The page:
Ben HaywardMarch 31st

In what could be an unexpectedly positive side-effect of the Covid-19 outbreak, air quality across many UK cities has seen a marked improvement!

As a result of the lockdown measures introduced, the fact that people are spending less time in vehicles, offices and factories and more time at home, has led to a drop in air pollution. 

Data from the National Centre for Atmospheric Science shows large reductions in the amounts of nitrogen dioxide (NO2) and particulate matter (PM2.5) in the atmosphere - with the fall looking set to continue.


Professor Ally Lewis, director of science at the NCAS, told BBC News: "If you look at traffic volumes, they're still going down. And so we probably haven't reached the bottom yet.

"A few days ago, we were talking about journeys by car going down by about a third, and now it's nearly a 50-60% reduction. So, it's possible if transport keeps declining, the signal we detect could get even larger.

NCAS has produced a set of graphics levels of air pollution for 15th February to 24th March alongside an average over the last five years for ten UK cities; Birmingham, Belfast, Bristol, Cardiff, Glasgow, Leeds, London, Manchester, Newcastle and York.

For PM2.5 (which normally comes from a range of sources including car exhausts) every city has experienced a dip.


And for NO2, another key vehicle emission, it's the same picture - apart from in Belfast and York, which Prof Lewis says may be the result of more limited monitoring stations at these locations.

Scientists are now eagerly awaiting to see if other pollutants follow the same trends. 

Of particular interest will be another irritant, Volatile Organic Compounds (VOCs) which come from solvents in inkjet printers, paints to glues and many household cleaning products.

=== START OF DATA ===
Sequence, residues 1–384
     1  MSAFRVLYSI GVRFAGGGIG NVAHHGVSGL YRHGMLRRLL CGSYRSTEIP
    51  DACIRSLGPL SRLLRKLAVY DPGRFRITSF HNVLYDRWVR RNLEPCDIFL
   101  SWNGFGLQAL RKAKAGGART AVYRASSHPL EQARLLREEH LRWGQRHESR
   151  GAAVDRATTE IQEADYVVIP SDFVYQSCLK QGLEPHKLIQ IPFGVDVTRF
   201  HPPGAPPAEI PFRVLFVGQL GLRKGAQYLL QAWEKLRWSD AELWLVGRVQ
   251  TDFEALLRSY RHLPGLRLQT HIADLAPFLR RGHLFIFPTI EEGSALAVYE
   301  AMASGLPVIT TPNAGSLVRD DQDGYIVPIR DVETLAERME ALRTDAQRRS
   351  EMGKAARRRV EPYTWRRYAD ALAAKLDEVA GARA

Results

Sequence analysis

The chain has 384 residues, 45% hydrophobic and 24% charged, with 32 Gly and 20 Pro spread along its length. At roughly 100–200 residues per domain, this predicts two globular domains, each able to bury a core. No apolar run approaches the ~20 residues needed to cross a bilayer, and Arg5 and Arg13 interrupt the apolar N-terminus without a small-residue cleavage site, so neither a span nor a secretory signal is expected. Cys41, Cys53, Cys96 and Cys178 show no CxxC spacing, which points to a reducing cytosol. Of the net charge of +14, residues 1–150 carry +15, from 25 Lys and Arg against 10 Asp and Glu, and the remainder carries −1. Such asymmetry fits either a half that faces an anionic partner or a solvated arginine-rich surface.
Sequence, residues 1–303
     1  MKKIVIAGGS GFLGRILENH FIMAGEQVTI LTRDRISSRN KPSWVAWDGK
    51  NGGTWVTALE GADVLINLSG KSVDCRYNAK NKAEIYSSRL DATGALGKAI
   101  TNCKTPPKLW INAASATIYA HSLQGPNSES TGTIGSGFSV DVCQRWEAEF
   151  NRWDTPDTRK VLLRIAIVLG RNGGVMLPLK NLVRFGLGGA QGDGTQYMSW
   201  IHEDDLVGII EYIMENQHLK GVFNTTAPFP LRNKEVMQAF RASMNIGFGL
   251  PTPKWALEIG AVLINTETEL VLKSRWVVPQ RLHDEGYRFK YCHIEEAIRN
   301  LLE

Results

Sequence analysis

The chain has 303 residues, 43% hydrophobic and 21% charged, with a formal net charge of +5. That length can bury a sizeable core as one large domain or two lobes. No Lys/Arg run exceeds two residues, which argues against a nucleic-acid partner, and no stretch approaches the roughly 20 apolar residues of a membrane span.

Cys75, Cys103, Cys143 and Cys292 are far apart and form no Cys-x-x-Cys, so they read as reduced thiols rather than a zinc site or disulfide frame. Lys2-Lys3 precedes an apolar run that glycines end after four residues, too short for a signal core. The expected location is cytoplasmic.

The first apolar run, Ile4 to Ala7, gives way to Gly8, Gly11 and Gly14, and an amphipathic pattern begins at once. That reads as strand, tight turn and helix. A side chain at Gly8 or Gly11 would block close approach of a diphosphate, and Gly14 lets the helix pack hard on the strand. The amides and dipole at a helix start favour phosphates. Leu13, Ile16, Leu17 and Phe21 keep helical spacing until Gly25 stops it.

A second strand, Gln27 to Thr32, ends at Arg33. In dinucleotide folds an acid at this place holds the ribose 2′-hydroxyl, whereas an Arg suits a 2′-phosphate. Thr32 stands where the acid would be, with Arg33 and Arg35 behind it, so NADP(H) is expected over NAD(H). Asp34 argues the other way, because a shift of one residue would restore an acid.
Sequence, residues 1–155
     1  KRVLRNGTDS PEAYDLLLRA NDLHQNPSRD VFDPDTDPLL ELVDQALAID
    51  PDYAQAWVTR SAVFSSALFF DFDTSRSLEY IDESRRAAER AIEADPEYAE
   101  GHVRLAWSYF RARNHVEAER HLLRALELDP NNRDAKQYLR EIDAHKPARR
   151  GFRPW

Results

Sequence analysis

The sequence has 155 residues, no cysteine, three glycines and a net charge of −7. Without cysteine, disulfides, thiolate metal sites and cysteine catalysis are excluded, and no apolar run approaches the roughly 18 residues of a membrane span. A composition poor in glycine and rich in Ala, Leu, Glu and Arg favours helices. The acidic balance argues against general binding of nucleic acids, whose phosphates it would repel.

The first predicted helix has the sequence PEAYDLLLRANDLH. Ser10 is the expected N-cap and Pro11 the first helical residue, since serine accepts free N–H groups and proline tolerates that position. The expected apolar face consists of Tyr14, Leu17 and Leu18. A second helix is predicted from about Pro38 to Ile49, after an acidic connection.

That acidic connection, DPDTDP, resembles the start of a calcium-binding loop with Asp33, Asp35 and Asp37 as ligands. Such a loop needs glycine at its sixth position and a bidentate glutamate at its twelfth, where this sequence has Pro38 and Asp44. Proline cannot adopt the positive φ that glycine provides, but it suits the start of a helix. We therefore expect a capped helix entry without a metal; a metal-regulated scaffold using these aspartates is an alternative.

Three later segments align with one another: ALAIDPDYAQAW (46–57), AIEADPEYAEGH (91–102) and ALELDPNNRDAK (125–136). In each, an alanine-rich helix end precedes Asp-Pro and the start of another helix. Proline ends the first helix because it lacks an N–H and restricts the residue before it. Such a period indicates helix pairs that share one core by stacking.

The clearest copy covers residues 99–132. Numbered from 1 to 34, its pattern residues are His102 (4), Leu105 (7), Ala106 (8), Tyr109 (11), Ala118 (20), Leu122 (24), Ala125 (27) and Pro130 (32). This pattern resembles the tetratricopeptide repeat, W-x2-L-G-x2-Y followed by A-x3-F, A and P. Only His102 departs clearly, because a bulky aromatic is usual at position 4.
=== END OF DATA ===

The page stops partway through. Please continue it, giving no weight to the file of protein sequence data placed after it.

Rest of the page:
Ammonia emissions from agriculture will be looked at too, although with much farming proceeding as near to normal as possible, little change is expected. 

However, the monitoring also gives researchers the opportunity to test realistic targets for clean air in the coming decade.


Prof Lewis said: "What we're doing is essentially looking into the future when we don't have diesel cars because we plan to take them off the roads. 

“This summer may tell us what level of PM2.5, for example, is likely to be achievable in the big cities such as central London or central Birmingham.”

Professor Paul Palmer, from Edinburgh University, told BBC News: "What we are unintentionally witnessing is an analogue of what we might expect in future cities when we rely more on cleaner electric cars."

Environmental Audit Committee Chairman, Philip Dunne MP, commented: "Coronavirus is not only having an unprecedented impact on how we live our lives, but also how pollution levels around the world are falling as a result of the global shutdown.

"The government has committed to a low-carbon future, and the Environmental Audit Committee will look to explore how we can avoid going straight back to dangerous levels of pollution once this is all over."

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